How to Stencil with a Realistic Floral Mural with Wall Stencils

How to Stencil with a Realistic Floral Mural with Wall Stencils

Our Flourish Damask Stencil has been one of our most popular stencil patterns for over 20 years. How’s that for longevity in this day and age? We decided to give it a little “stencil update” by showing you an easy stencil idea that can add depth, dimension, and an artistic touch to any stenciling design. 

Watch the video below and read on to learn how to use a stencil brush to add simple white highlights throughout any stencil pattern.



Stencil Supplies

  • Flourish Damask Stencil from Royal Design Studio
  • 2-1 “ Stencil Brushes
  • Painter’s Tape, Paper Towels, Bubble Level
  • Paint: Behr Ultra Interior Flat in Linen White and a custom brown and pink color*

*Sorry we can’t provide exact colors-we try to use the paint we have on hand. The dirty pink color was a mix of a medium pink with Linen White and the taupe/brown color added.

Steps to add some Flourish to your stencil project

Step 1: Tape the stencil in place for your first repeat and check to make sure it is level by placing a bubble level on top and making sure that the bubble is centered. You only need to do this on the first repeat.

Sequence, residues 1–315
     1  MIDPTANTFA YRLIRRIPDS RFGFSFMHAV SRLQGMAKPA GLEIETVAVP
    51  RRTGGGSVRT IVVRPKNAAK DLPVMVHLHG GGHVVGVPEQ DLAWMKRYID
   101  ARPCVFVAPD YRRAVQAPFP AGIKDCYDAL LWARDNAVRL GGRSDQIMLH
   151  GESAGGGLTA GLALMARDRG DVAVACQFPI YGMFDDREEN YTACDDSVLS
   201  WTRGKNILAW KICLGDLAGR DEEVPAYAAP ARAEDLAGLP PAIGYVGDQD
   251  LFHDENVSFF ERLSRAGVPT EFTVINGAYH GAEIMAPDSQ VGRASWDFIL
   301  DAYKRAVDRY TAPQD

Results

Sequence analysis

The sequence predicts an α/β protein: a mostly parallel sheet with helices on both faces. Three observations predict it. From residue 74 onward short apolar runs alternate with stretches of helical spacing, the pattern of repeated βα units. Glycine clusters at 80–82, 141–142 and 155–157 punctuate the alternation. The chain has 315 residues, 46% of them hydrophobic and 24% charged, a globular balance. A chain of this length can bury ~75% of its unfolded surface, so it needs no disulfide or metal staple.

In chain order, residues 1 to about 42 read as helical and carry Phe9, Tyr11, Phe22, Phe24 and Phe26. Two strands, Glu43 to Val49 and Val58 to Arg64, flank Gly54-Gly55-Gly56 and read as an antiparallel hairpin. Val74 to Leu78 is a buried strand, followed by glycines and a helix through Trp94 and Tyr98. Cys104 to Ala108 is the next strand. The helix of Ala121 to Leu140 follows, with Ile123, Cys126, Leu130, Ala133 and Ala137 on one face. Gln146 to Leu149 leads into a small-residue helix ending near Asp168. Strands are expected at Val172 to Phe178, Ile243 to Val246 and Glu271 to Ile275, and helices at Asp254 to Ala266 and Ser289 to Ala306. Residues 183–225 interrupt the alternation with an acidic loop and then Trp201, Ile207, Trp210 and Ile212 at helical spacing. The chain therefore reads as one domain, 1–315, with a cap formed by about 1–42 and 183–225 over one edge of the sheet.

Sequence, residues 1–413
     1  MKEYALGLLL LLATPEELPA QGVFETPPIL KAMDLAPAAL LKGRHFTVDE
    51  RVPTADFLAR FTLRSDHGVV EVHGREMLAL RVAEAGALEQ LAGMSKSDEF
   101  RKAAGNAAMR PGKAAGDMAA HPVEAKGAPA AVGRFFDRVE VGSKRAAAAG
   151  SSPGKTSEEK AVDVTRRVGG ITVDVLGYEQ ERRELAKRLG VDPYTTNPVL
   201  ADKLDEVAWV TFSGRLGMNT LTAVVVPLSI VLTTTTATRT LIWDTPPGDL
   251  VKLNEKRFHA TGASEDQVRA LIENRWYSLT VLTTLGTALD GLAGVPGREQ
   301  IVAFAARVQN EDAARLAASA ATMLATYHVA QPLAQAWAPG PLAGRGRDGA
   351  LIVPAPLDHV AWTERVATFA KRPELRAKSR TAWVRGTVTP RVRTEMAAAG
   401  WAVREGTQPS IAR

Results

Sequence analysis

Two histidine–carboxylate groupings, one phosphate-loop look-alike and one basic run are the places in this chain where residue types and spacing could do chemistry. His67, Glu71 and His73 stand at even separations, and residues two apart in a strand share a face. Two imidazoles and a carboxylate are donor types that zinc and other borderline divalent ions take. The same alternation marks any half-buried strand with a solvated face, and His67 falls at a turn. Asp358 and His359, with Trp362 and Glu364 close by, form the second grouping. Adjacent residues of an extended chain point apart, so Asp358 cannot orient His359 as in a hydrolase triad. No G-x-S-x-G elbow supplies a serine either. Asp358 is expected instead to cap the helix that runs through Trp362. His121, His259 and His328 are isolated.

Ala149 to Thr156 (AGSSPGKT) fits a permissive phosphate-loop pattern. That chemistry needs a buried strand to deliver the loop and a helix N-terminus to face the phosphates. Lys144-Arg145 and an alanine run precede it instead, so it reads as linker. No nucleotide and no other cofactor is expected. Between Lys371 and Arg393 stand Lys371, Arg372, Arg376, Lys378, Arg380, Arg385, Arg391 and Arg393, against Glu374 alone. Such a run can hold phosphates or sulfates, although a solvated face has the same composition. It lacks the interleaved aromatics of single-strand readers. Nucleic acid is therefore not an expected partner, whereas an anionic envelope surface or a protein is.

Note: This stencil pattern is asymmetrical so it’s possible to begin the stencil pattern at any point on a feature wall and continue repeating the pattern to the edges from that point.

Step 2: Stencil the pattern completely first in the base color; in this case, a taupe brown. A stencil brush is the fastest way to stencil an open pattern like this, as you can see in the video. It goes very fast!

Step 3: Load and offload a separate stencil brush with the Linen White color. This color will be used very sparingly, so be sure you are using a dry brush. Selectively use the white color in design areas you want to “highlight”.

How to stencil flourish stencil design 

This step is really a personal “artistic decision”. I highlighted areas like the centers of the larger flowers, the berries, and tips of leaves to make them “pop”. I also went back later and added additional highlight areas for more interest, and took some out by adding back . I recommend that you do some practice samples first to get a feel for this new stencil technique and find the result that you like best.

Step 4: Continue to stencil the pattern with the taupe brown base color. Once I established the look that I wanted I decided it would be faster to stencil all the base color first and then go back a do the highlights on a second pass.

Step 5: Clean the stencil and replace it exactly over the first stenciled pattern. Try to stencil the highlight accents on each repeat in roughly the same manner-though they don’t have to be “identical”. It adds to the hand painted effect if there is a little variation.

Follow these links to more inspiring How to Stencil Posts

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